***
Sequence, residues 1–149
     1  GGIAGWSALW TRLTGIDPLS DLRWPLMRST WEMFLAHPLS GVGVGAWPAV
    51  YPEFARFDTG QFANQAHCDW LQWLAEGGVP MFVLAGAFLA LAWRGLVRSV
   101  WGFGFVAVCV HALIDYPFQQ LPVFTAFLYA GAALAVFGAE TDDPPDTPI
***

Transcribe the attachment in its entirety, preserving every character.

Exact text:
Sequence, residues 1–149
     1  GGIAGWSALW TRLTGIDPLS DLRWPLMRST WEMFLAHPLS GVGVGAWPAV
    51  YPEFARFDTG QFANQAHCDW LQWLAEGGVP MFVLAGAFLA LAWRGLVRSV
   101  WGFGFVAVCV HALIDYPFQQ LPVFTAFLYA GAALAVFGAE TDDPPDTPI